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Systematic review protocols and registration

Why? How? What (needs improving)?

Systematic reviews are a key tool in the practice of evidence based medicine. Their findings and conclusions aim to support decision-making in health care practice and policy, but are also a valuable basis for future research. Systematic reviews synthesise and critically appraise all relevant evidence available regarding a specific research question using systematic methods (hence the name).

But how to make the methods systematic?

The answer is simple: By prospectively specifying them. Not only does this provide a roadmap for the review team, it also reduces the risk that the methods are being modified during the systematic review process depending on the results, thus introducing bias. For example, if I decided to report only certain outcomes and analyses because they have significant results, I would bias my systematic review’s results and conclusions.

Two transparent ways of prospectively specifying one’s methods are to publish a systematic review protocol as a peer-reviewed article and/or to register the systematic review in PROSPERO, the international prospective register of systematic reviews (1).

Publishing a systematic review protocol as a peer-reviewed article has the advantage that independent reviewers will critically appraise the proposed methods. While publishing protocols has long been the standard for Cochrane reviews, protocols for most other systematic reviews have only regularly been published from 2012 onwards. Nowadays several systematic review protocols are published each day, e.g. in the journals Systematic Reviews or BMJ Open.

PROSPERO records have the advantage that they can be updated throughout the review process to report important changes and to reflect the current status of the review (ongoing, completed, published or discontinued). Prospective registration of systematic reviews is possible since February 2011, when PROSPERO was launched. Since then, over 50,000 reviews have been registered (as of July 1, 2019)*.

These numbers demonstrate the success of past efforts, which also include the publication of a reporting guideline for systematic review protocols, the PRISMA-P checklist (2). Nevertheless, there are still various issues surrounding systematic review protocols and registration, some of which I have investigated in my research:

  1. The time between submission of a manuscript for a systematic review protocol and its publication has increased over time (3). In recent years, it was disproportionately high, with no improvement in sight. This might discourage authors from publishing protocols as peer-reviewed articles.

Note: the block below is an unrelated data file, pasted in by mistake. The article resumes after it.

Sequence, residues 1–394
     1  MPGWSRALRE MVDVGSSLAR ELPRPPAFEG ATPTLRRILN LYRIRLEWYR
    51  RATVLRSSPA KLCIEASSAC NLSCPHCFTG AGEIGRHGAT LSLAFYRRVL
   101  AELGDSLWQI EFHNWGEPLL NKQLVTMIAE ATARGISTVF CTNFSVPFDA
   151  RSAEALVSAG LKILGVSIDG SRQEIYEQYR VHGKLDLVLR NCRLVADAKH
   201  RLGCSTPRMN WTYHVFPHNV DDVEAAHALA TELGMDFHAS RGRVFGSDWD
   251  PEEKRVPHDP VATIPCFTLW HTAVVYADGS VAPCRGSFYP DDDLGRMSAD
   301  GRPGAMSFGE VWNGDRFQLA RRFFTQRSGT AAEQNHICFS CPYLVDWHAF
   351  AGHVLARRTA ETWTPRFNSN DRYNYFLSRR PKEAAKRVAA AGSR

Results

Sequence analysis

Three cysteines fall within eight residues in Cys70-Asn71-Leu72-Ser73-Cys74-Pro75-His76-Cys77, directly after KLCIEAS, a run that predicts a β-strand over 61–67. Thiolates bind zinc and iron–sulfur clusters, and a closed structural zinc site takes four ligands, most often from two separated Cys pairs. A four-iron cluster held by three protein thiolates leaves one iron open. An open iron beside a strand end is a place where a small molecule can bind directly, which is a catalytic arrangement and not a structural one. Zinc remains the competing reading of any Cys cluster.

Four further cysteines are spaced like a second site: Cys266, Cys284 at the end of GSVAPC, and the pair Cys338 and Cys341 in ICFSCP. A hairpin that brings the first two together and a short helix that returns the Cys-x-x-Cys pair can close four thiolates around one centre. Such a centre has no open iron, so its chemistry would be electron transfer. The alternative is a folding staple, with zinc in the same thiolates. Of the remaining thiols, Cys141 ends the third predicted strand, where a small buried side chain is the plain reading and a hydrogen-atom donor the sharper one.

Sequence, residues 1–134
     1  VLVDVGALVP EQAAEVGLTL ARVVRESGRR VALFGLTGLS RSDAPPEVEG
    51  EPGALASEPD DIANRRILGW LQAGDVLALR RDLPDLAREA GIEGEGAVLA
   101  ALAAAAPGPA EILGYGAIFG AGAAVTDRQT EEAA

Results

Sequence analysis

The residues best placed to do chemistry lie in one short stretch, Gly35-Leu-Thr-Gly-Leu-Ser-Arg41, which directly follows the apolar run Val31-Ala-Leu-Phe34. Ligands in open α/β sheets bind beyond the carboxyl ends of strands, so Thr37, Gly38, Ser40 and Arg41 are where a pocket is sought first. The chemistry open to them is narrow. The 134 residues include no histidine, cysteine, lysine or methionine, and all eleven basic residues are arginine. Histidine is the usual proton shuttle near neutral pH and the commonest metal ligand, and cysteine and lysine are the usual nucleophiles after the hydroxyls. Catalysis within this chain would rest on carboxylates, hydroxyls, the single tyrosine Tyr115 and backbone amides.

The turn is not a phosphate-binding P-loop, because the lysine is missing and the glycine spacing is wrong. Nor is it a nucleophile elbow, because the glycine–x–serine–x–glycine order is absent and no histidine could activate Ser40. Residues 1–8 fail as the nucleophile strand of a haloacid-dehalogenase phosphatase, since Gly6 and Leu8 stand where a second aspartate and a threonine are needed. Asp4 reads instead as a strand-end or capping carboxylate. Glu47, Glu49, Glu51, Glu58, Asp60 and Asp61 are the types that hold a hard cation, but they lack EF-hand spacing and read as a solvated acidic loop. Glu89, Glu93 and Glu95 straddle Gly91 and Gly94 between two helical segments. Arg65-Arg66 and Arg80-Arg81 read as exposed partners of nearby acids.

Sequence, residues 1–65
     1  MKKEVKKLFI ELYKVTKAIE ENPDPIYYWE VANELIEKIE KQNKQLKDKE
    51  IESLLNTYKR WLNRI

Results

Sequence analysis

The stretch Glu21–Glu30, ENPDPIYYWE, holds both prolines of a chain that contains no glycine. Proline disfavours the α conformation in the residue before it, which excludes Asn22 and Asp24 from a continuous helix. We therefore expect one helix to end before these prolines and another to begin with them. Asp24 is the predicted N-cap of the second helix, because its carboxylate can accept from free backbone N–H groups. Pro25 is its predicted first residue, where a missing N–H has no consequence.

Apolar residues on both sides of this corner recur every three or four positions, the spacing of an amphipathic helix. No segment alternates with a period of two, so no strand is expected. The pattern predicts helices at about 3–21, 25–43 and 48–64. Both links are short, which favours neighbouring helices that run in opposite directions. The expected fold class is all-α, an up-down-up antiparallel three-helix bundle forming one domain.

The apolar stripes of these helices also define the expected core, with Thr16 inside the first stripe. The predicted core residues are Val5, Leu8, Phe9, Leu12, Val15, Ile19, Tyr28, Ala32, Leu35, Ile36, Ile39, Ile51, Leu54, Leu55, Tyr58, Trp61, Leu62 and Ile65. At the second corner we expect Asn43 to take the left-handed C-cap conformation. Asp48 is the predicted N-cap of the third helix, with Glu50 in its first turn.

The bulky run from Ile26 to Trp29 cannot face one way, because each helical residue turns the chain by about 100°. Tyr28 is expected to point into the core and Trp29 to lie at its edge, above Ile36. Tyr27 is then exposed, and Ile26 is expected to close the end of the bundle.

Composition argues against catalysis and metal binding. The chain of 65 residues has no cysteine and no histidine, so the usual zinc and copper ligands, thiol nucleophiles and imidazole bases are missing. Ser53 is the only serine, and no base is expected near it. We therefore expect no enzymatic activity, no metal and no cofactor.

2. Systematic reviews often differed from their protocols in one or more aspects of the methods, but the changes were seldom reported and explained by the authors (4). Changing pre-specified methods is not bad per se – it might even be a good idea. However, the process must be made transparent for protocols to fulfil their purpose.
  3. Few systematic reviews updated their PROSPERO records’ status following publication. Most were still marked as ongoing (more details on that at EBMLive 2019). So, if someone was to search PROSPERO for published reviews on a specific research question, they would not find what they are looking for. In turn, we don’t know if systematic reviews whose status is ongoing are actually ongoing, or whether they have been published or discontinued.

Therefore, I believe that we need further innovation in the field of systematic review protocols and registration. We should discuss alternative models of peer review for systematic review protocols, agree on guidance on the reporting of discrepancies between review and protocol, and find new ways to keep PROSPERO up-to-date. I am looking forward to discussing my ideas with you at EBMLive 2019!

Short bio

Tanja Rombey is a 2019 Doug Altman Scholarship recipient and a doctoral student (Theoretical Medicine) at Witten/Herdecke University, Germany. She has a Master’s degree in Public Health from the University of Sheffield and a Bachelor’s degree in Health Economics from the University of Cologne. Tanja has a keen interest in systematic reviews and their methods as a part of evidence based medicine. She currently works on a systematic review and non-linear dose-response meta-analysis. Tanja has no conflicts of interest to declare.


  1. Booth A, Clarke M, Ghersi D, Moher D, Petticrew M, Stewart L. An international registry of systematic-review protocols. Lancet (London, England). 2011;377(9760):108-9.
  2. Moher D, Shamseer L, Clarke M, Ghersi D, Liberati A, Petticrew M, et al. Preferred reporting items for systematic review and meta-analysis protocols (PRISMA-P) 2015 statement. Systematic reviews. 2015;4:1.
  3. Rombey T, Allers K, Mathes T, Hoffmann F, Pieper D. A descriptive analysis of the characteristics and the peer review process of systematic review protocols published in an open peer review journal from 2012 to 2017. BMC Med Res Methodol. 2019;19(1):57.
  4. Koensgen N, Rombey T, Allers K, Mathes T, Hoffmann F, Pieper D. Comparison of non-Cochrane systematic reviews and their published protocols: differences occurred frequently but were seldom explained. Journal of clinical epidemiology. 2019;110:34-41.

2017 Highlights